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Euthanasia policies are driving some doctors to leave their profession

Daniel ZekveldCanada continues to struggle with doctor shortages. RBC analysts estimate that Canada will be short around 44,000 physicians by 2028. Family doctors will account for 72 percent of the shortage. Today, over six million Canadians are without a family doctor.

Some provinces have tried to solve this problem by helping more students become doctors and fast-tracking licensing for interprovincial and international doctors. But at the same time, doctors are leaving because of bad policies.

Health Canada recently urged all medical regulators in Canada to require doctors to give “effective referrals” for medical assistance in dying (MAiD), also known as euthanasia. That means the doctor must facilitate the process that will lead to their patient’s death by connecting the patient to a doctor who will provide euthanasia.

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The College of Physicians and Surgeons of Ontario already mandates effective referral. This policy, along with the ongoing expansion of euthanasia, has meant some doctors are being forced out of the profession by policies which do not permit freedom of conscience for medical professionals. Instead of being able to dialogue with their patients about what is best for their healthcare, there is little room for professional, moral, or ethical judgment about euthanasia.

Some doctors believe providing an effective referral makes them complicit in something that is harmful to their patients. An analogy may help demonstrate this. Let’s say a patient asks their doctor for a particular prescription drug. The doctor believes this drug would harm the patient more than it would help them. Instead of having a conversation with the patient about what is best given the circumstances and making a professional, ethical decision, the doctor must not only tell the patient where to get the drug and how, but also refer the patient to a drug provider.

Of course, that is not how it works with prescription drugs or, more generally, in medicine. You might think that medical regulators should give doctors greater discretion to not provide or facilitate access to services that are ethically controversial. But effective referral policies target exactly such services. A compromise policy would be to forbid doctors from misleading patients or actively interfering with patient access to a controversial service but not to require them to proactively inform the patient that another doctor can end their life or facilitate such a “service”.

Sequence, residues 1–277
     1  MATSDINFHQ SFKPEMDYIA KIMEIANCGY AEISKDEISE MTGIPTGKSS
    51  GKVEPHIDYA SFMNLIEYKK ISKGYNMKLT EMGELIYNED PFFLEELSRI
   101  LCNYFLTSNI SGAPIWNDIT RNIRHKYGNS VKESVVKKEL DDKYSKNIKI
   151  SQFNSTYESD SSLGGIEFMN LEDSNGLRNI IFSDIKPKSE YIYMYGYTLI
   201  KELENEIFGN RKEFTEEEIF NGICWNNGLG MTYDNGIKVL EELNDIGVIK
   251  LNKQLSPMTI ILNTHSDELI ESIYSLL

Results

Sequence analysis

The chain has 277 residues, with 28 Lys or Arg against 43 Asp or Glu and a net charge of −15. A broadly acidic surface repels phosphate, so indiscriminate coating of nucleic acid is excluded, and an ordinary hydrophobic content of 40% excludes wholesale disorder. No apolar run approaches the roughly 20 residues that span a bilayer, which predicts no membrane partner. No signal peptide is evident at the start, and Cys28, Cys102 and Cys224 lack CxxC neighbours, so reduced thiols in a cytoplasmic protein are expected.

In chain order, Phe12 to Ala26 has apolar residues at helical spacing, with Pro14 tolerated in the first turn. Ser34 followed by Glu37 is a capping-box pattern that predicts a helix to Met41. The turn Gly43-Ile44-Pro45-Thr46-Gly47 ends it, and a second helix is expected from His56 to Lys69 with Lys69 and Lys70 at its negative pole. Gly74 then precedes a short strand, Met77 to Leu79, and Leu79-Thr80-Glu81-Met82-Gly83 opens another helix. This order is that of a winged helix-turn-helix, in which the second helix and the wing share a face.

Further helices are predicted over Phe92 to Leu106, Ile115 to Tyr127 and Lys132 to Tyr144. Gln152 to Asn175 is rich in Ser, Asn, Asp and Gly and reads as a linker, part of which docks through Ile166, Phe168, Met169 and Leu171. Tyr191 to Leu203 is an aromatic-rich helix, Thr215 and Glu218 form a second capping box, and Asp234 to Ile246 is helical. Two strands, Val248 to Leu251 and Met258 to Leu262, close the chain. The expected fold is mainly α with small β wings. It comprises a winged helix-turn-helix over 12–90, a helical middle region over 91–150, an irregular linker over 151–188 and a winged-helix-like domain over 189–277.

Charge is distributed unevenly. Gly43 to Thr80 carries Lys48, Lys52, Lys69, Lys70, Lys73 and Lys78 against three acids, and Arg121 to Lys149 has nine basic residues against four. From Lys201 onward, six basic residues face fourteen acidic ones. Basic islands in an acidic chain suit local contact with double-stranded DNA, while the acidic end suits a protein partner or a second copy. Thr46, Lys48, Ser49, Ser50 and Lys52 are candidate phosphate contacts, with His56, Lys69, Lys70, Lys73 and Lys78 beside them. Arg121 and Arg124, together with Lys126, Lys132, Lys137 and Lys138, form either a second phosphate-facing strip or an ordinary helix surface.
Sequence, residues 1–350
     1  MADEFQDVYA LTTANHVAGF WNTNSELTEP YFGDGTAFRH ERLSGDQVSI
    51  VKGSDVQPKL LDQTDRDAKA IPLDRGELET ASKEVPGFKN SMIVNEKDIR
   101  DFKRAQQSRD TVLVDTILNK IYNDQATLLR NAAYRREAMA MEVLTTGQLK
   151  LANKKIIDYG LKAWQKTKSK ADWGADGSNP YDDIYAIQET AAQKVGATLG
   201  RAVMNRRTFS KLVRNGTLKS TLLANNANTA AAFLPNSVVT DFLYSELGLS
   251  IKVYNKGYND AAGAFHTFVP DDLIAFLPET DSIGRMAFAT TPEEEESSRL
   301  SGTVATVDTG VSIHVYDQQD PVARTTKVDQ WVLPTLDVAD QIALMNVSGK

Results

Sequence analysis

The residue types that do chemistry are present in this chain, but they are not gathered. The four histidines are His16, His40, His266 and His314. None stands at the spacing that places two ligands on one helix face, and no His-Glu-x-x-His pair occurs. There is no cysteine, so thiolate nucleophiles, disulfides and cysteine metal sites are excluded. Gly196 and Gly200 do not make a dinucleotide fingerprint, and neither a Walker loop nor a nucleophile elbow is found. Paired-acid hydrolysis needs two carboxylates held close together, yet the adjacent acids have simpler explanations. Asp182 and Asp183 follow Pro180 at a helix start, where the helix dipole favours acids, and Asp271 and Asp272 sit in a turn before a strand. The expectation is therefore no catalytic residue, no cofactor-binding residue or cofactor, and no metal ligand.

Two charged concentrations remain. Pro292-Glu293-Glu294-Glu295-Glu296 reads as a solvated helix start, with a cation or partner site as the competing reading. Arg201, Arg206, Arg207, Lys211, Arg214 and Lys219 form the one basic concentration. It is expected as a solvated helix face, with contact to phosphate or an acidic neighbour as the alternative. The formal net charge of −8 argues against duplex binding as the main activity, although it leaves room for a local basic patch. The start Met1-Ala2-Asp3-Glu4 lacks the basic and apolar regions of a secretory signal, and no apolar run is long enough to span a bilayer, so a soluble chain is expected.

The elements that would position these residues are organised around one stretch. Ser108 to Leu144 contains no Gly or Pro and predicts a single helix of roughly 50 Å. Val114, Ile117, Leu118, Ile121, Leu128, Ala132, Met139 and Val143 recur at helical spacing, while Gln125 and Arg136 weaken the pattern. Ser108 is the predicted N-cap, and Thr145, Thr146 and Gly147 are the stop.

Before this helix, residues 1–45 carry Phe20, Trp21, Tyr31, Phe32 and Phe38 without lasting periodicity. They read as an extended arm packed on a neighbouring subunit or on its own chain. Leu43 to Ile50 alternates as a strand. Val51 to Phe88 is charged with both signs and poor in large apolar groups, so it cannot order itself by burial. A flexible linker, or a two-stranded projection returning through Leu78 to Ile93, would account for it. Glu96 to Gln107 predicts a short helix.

Health Canada’s preferred policy also has negative implications for patients. Patients may want the security of knowing their doctor will never recommend or facilitate euthanasia. Others may desire a doctor with an ethical stance that permits euthanasia. Some patients may prefer a doctor who will provide their honest opinion, whether or not they agree with that opinion.

A single approach to new and highly controversial medical and ethical issues is not helpful for either doctors or patients. It can cause specific groups of people to feel isolated, marginalized, and suspicious of the system in which they work, or which is supposed to help them navigate difficult medical choices. Penalizing physicians with conscientious objections to euthanasia may not only exacerbate the doctor shortage but prevent patients from finding a family physician who is ethically aligned with them.

Canada’s doctor shortage will only get worse if healthcare professionals are increasingly forced to leave or discouraged from entering the field in the first place. If we do not prioritize freedom of conscience, access to medical care will be further reduced as medical professionals are removed, move to another jurisdiction, retire early, or change careers.

A common objection to protecting conscience for medical professionals is that patients may have difficulty accessing euthanasia as a result of some physicians’ refusal to participate. There is little evidence to support this claim. Although euthanasia was a serious crime until 2016, there are many willing providers in Canada. Canada is rapidly catching up to the Netherlands, where euthanasia has been legal for decades, in terms of euthanasia deaths as a percentage of total deaths.

For some physicians, the consequence of a nationwide policy requiring them to violate their conscience will be that they avoid certain practice areas – such as psychiatric care, particularly with euthanasia set to expand to those with mental illness in 2024 – or avoid medicine altogether.

Canada cannot afford to lose more doctors. Canadian jurisdictions need to think seriously about the implications of existing or proposed policies and pass legislation that will protect the conscience of medical professionals.

Daniel Zekveld is a Policy Analyst with the Association for Reformed Political Action (ARPA) Canada.

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